Excerpts, By Neena Bhandari, Tourism Goes Indigenous, IPS, Apr. 4, 2012

Indigenous Peoples as Human Zoo, the human safaris

Eviction of Indigenous Peoples from National Parks

On the second anniversary of a landmark ruling by the African Commission on Human and People’s Rights (ACHPR), Minority Rights Group International (MRG) condemns the Kenyan government’s lack of commitment to ensuring justice for the Endorois people and urges the authorities to immediately restore ownership to the community of their ancestral lands around the Lake Bogoria National Reserve.

Although the Commission recognised, for the first time in the continent, indigenous peoples’ rights over traditionally occupied land and their right to be involved in, and benefit from, any development affecting their land, the Endorois still have no land title, have received no compensation for the loss they suffered during almost 40 years, nor a significant share in tourism revenue from their land.  Kenya adopted a new Constitution in August 2010, which, together with a new National Land Policy, supported the Commission’s decision in recognising indigenous peoples’ ancestral lands.

‘Two years on from the African Commission’s ruling the Endorois are still waiting for justice to be brought home. The government’s lack of engagement with the community is of extreme concern and, inevitably, it raises questions about their commitment to the high ideals to be found in Kenya’s new Constitution,’ says Carla Clarke, MRG’s Head of Law….  ‘In view of Kenya’s new Constitution, which provides for the establishment of a National Land Commission to review past abuses and recommend appropriate redress, it is particularly important that the government implements the Commission’s decision without further delay,’ added Carla Clarke.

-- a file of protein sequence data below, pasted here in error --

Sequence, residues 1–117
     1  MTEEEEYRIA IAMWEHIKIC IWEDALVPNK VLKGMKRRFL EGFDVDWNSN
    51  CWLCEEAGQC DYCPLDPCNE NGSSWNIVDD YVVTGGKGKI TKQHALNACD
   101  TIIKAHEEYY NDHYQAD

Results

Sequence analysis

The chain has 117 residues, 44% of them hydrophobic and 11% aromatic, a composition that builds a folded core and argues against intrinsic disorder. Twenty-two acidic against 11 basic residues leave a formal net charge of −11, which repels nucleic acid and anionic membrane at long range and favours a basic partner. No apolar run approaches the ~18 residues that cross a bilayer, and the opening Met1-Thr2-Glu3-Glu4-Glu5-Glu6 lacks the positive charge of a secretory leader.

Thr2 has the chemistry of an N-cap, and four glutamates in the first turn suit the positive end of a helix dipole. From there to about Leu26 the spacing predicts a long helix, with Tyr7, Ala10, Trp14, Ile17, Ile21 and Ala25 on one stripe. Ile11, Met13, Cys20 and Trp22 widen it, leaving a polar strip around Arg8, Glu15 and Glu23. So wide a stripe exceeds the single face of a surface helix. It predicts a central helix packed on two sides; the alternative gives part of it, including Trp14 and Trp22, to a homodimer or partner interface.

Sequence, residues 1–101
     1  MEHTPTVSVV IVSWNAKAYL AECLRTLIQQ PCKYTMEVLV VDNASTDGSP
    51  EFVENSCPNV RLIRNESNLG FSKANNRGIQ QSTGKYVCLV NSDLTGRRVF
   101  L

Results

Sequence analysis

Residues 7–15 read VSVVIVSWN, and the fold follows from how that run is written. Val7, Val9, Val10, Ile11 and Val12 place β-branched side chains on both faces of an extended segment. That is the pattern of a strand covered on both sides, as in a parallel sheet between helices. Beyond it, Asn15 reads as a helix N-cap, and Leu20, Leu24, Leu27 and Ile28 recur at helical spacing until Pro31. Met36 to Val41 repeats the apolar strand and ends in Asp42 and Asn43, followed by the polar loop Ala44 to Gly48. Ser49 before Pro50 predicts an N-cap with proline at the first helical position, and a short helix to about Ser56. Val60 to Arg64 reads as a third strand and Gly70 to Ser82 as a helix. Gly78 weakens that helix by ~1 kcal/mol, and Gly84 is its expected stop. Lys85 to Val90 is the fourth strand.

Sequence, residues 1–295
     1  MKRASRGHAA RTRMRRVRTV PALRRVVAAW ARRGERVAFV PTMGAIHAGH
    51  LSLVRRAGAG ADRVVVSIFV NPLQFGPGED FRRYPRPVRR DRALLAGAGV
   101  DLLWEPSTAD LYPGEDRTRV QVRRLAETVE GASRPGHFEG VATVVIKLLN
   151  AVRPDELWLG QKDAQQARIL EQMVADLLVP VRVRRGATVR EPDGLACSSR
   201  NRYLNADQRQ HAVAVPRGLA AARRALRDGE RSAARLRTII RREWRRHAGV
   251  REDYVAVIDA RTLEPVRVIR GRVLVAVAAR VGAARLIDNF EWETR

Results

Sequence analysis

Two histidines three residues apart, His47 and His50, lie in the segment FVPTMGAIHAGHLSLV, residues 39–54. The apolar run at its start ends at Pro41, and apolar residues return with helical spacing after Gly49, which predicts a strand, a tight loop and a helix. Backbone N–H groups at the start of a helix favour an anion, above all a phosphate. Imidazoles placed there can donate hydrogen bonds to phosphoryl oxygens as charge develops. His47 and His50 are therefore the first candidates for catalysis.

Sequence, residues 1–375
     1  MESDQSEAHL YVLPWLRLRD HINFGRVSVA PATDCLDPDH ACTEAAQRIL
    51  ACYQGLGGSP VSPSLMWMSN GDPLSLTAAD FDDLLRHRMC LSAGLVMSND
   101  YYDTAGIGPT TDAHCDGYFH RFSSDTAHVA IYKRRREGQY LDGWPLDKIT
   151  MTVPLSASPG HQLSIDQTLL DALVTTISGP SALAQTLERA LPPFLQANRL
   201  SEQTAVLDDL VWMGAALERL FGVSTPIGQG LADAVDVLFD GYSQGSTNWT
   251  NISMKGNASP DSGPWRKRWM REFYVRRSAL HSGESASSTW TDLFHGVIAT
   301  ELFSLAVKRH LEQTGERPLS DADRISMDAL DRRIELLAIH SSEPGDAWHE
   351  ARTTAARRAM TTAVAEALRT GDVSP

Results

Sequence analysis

Endorois land was originally appropriated by the Kenyan government in the 1970s to create the Lake Bogoria National Reserve. On 2 February 2010, the African Union adopted a decision of the ACHPR which declared firstly that the expulsion of Endorois from their lands was illegal, and secondly that the Kenyan government had violated certain fundamental rights of the community protected under the African Charter on Human and Peoples’ Rights and other international instruments.

The Endorois are a semi-nomadic indigenous community of approximately 60,000 people, who for centuries have earned their livelihoods from herding cattle and goats in the Lake Bogoria area of Kenya’s Rift Valley.  When tourists flock to Lake Bogoria, famous for its flamingos and geysers, they have little idea of the high cost the Endorois paid for their eviction. The vast majority of the community still live in severe poverty, have little or no electricity, walk miles to collect water in an area stricken by drought, and are often dependent on relief food.

Since the creation of the wildlife reserve, the Endorois have been unable to gather the plants they once relied on for medicinal purposes, conduct religious ceremonies at their sacred sites or visit the graves of their ancestors.


Two years on from African Commission’s ruling, Kenya continues to drag its feet in recognising indigenous peoples’ ownership of wildlife park, MRG urges government to act, Reuters, Feb. 3, 2012